People often use the terms income tax and payroll tax interchangeably. Technically speaking, they're two different taxes under the employment taxes umbrella and categorized by what they fund. Income tax goes towards public services, such as education and transportation, and payroll taxes go towards Social Security and Medicare.
But, for the sake of this post, we'll refer to everything as payroll taxes.
Federal Income Tax
Everyone who collects a paycheck must pay federal income tax. Levied by the Internal Revenue Service, federal income tax rates are progressive; as your taxable income increases, so does your tax rate.
State and Local Income Tax
Not everyone has to pay state and local income tax. It all just depends on the state and locality. As of 2022, folks in Alaska, Florida, Nevada, New Hampshire, South Dakota, Tennessee, Texas, Washington, and Wyoming don't have to pay state income tax. If you have to pay state and local taxes, the rates vary based on where you live.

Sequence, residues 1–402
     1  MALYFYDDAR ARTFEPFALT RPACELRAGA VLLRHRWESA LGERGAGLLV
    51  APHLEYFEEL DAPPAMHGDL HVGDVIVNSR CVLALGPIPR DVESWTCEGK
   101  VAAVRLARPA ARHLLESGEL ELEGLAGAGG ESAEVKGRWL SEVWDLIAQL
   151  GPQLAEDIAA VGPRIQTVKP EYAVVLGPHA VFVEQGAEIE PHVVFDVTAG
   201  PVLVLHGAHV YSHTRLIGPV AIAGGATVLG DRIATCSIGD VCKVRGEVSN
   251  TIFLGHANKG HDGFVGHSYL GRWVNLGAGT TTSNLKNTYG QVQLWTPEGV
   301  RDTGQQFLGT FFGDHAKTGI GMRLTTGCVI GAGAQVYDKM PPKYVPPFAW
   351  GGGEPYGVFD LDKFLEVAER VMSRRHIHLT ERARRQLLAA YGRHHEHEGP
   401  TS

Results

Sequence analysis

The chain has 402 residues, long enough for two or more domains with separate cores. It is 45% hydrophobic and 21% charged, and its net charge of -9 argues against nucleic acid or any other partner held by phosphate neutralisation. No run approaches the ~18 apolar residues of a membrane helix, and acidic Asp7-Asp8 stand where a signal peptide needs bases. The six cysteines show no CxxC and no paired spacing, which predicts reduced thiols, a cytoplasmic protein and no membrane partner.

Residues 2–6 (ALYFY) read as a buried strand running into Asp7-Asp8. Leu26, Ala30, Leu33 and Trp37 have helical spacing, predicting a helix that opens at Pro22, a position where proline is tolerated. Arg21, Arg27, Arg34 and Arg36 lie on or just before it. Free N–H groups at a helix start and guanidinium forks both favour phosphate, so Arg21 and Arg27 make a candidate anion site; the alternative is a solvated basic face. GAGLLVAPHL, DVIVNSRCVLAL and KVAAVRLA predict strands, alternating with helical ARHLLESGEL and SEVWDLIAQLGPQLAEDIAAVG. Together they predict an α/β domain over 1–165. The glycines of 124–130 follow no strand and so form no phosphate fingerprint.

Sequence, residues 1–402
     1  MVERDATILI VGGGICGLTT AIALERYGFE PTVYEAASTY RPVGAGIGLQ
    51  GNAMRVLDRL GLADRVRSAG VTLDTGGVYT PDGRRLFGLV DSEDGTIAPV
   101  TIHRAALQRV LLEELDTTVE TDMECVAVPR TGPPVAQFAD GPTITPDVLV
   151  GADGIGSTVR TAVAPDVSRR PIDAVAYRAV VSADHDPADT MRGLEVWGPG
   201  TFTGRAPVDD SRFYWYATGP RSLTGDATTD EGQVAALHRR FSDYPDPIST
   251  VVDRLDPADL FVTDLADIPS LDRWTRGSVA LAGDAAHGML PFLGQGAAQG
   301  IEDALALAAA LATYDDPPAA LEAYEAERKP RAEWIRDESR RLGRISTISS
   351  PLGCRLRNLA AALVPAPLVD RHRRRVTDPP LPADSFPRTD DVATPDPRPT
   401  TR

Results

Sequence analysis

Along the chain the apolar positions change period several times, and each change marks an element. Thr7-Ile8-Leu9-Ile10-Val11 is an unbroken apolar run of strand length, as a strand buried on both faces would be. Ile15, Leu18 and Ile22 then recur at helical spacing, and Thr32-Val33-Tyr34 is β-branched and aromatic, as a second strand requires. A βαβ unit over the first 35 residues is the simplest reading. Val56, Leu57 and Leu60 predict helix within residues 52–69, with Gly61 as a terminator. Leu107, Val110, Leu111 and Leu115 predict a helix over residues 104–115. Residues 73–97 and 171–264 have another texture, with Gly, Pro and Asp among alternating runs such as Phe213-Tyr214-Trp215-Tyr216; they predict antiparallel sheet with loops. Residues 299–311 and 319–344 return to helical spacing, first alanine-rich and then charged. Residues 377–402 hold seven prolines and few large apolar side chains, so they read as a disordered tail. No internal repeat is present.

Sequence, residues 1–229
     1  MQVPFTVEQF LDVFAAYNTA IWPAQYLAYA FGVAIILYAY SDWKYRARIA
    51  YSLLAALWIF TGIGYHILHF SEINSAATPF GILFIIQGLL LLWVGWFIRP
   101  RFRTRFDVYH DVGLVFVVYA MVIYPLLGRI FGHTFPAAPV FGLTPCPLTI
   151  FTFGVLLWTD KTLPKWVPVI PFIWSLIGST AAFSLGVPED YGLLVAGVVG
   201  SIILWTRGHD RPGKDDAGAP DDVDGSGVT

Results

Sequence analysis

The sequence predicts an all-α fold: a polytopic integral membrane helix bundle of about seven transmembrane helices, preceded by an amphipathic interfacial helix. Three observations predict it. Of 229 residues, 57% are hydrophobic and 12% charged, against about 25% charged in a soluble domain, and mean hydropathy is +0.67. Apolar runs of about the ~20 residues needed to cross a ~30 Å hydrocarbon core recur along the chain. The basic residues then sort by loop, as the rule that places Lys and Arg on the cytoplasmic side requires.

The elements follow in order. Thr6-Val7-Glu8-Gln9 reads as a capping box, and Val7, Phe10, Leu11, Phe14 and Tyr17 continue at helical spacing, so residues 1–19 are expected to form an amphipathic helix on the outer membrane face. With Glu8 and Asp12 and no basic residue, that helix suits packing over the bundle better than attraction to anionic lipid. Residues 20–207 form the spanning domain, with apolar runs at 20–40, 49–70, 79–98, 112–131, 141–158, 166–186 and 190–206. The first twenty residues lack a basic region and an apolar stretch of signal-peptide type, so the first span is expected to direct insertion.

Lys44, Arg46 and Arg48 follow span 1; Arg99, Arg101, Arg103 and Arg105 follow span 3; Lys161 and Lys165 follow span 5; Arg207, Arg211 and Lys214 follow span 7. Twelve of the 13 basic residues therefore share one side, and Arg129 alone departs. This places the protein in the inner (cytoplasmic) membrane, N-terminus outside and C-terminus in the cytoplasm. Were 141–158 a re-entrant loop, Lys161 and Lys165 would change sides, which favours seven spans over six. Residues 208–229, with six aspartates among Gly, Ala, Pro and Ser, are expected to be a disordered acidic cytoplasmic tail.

Social Security and Medicare Tax
Everyone who works in this country must contribute a flat percentage of their income to help fund Social Security and Medicare. Social Security and Medicare tax is collectively known as FICA (Federal Insurance Contributions Act) for W-2 employees and self-employment tax for 1099 contractors.
3 Ways Employment Classification Influences Payroll Taxes
As mentioned earlier, it doesn't matter if you're a W-2 employee or a 1099 contractor; you must pay payroll taxes. It's how you manage and file your taxes that differ. Let's dig in.